Prison Revolt Yields More Questions Than Answers
Published: November 29, 2012 (Issue # 1737)
There were either 250 participants or about 1,000. They demanded improved conditions or nothing at all. Their protest was plotted by criminal masterminds or it was spontaneous.
Almost nothing is clear about last weekend's revolt at a maximum security prison in the Urals, as official statements, media reports and testimony from human rights activists vary wildly.
What is clear, however, is that the incident has attracted an unusually large amount of attention, with even state television — usually deaf to reports of widespread abuse and corruption in the nation's prison system — devoting prime-time programming to developments at Federal Prison No. 6.
Activists say that might be because the reportedly non-violent revolt, which lasted from Saturday to Monday, was an extraordinary reaction to a familiar problem.
"There hasn't been anything like it for a long time," said Nadezhda Radnayeva, an expert at the In the Defense of the Rights of Prisoners Foundation. A typical revolt involves a few dozen prisoners. The rest are too afraid, have a separate agenda or come to an agreement with administrators, she said.
Hence the shock created by footage from the prison in the city of Kopeisk, which showed hundreds of prisoners standing on the roof of a building above a homemade banner reading, "Free people, help us! The administration is extorting $ [sic]. They torture and humiliate."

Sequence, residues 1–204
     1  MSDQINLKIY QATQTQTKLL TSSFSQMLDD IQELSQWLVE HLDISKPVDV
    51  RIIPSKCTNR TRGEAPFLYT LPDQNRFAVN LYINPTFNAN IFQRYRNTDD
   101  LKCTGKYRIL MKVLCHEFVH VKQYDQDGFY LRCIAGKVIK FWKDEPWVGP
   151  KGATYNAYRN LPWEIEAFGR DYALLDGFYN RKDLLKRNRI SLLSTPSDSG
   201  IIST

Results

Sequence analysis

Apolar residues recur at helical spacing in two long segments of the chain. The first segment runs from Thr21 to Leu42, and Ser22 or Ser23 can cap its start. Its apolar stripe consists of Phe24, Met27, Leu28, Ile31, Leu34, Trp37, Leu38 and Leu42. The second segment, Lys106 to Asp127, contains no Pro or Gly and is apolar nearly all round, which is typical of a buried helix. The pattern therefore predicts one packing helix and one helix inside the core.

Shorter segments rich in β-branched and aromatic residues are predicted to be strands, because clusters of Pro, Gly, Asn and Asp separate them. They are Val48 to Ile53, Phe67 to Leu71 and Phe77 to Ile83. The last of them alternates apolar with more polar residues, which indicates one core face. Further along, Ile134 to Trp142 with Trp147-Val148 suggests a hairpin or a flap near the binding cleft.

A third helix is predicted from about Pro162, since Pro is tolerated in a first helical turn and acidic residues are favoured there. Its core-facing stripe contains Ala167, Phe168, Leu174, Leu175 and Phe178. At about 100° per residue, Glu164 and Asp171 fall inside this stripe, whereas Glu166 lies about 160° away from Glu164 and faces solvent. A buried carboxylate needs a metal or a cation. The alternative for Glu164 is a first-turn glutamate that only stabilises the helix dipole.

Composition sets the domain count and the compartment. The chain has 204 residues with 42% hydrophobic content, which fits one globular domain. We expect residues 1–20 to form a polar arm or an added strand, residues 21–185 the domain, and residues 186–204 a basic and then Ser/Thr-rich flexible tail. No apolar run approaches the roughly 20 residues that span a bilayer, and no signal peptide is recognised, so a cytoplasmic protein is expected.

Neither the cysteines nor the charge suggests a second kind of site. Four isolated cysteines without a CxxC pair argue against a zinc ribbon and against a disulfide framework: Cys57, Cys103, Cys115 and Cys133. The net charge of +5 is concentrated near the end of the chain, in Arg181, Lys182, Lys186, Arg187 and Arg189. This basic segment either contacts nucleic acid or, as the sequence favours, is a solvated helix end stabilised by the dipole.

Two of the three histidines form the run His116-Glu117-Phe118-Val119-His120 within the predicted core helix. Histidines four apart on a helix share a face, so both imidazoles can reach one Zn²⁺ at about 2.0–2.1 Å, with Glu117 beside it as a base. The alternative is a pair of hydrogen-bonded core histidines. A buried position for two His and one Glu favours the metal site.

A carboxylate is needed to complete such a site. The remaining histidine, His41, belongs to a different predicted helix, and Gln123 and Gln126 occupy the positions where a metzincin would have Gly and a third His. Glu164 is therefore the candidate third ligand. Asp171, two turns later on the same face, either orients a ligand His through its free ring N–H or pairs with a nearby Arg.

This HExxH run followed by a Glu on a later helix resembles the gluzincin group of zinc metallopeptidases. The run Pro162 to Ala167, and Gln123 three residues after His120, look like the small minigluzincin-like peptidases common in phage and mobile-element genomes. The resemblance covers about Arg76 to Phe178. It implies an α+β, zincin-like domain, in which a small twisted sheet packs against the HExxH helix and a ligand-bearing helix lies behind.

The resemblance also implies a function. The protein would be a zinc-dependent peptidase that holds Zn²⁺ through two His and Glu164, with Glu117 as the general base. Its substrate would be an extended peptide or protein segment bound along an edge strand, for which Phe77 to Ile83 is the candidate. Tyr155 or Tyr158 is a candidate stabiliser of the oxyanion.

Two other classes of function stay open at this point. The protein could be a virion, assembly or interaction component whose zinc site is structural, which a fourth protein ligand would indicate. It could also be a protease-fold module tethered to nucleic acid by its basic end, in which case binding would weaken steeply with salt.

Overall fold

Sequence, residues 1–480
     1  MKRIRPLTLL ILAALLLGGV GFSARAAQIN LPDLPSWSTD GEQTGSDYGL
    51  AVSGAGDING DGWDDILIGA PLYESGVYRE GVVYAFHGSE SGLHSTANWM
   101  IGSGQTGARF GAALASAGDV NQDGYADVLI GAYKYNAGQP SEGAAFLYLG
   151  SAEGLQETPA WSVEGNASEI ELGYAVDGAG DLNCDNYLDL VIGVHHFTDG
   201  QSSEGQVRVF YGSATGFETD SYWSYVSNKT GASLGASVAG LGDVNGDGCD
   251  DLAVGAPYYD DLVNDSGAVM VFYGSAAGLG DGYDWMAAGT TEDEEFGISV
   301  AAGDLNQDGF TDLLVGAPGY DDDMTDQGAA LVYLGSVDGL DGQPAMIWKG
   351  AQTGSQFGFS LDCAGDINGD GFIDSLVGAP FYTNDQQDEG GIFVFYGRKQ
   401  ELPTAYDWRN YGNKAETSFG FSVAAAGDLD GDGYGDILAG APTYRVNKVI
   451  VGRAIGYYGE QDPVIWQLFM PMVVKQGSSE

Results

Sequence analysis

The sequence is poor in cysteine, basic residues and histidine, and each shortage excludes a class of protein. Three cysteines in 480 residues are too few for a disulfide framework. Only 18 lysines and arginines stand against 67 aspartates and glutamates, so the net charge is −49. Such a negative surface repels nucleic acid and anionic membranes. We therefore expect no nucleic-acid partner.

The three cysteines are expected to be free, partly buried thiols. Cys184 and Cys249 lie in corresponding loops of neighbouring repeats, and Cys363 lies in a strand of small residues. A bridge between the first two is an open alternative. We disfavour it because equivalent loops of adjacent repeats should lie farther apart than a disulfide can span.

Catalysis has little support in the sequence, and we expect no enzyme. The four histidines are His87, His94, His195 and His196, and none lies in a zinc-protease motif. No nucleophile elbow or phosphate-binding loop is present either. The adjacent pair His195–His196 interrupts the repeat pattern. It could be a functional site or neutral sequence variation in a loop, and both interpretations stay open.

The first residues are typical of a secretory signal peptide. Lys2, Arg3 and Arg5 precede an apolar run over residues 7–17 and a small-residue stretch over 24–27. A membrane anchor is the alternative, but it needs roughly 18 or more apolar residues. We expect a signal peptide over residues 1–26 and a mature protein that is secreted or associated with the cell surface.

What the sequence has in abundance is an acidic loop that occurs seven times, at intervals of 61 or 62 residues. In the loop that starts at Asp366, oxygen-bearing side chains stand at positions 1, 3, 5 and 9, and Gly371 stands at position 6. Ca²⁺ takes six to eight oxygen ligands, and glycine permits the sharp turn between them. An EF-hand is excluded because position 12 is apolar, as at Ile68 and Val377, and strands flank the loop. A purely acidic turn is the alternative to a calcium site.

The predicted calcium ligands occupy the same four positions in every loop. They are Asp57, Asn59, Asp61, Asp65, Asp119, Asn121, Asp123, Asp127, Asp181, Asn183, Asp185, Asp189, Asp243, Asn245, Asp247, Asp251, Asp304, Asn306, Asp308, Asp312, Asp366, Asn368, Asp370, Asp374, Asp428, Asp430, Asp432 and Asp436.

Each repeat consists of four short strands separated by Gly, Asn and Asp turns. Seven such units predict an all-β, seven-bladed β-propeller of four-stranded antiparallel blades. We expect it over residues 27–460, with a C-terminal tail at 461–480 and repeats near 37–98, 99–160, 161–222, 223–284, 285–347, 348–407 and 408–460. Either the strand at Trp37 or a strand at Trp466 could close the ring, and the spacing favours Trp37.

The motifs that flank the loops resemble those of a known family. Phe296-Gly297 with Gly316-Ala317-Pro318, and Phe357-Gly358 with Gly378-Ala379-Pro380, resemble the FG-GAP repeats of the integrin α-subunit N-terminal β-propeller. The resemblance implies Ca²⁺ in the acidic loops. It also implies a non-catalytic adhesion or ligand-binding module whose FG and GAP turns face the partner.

The incident prompted Chelyabinsk region Governor Mikhail Yurevich to acknowledge that the local penal system needed reform, and prosecutors promptly opened an investigation into prisoners' complaints that officials were extorting money, including for visits with family.
"If this kind of event had happened several years ago, there wouldn't have been such success," veteran human rights defender and deputy chairman of In the Defense of the Rights of Prisoners Foundation Lev Ponomaryov said by telephone Wednesday.
Ponomaryov speculated that high-profile criminal cases in recent months involving the punk protest band Pussy Riot and opposition activists suspected of attacking police at a May rally have led to an awakening of Russian civil society and increased attention to rights abuses.
Others, including Radnayeva, weren't so optimistic. Russians outside a small class of politically charged urbanites were still very indifferent to the plight of Russia's inmates, she said, and there was a pervasive belief that prisoners deserved whatever they got.
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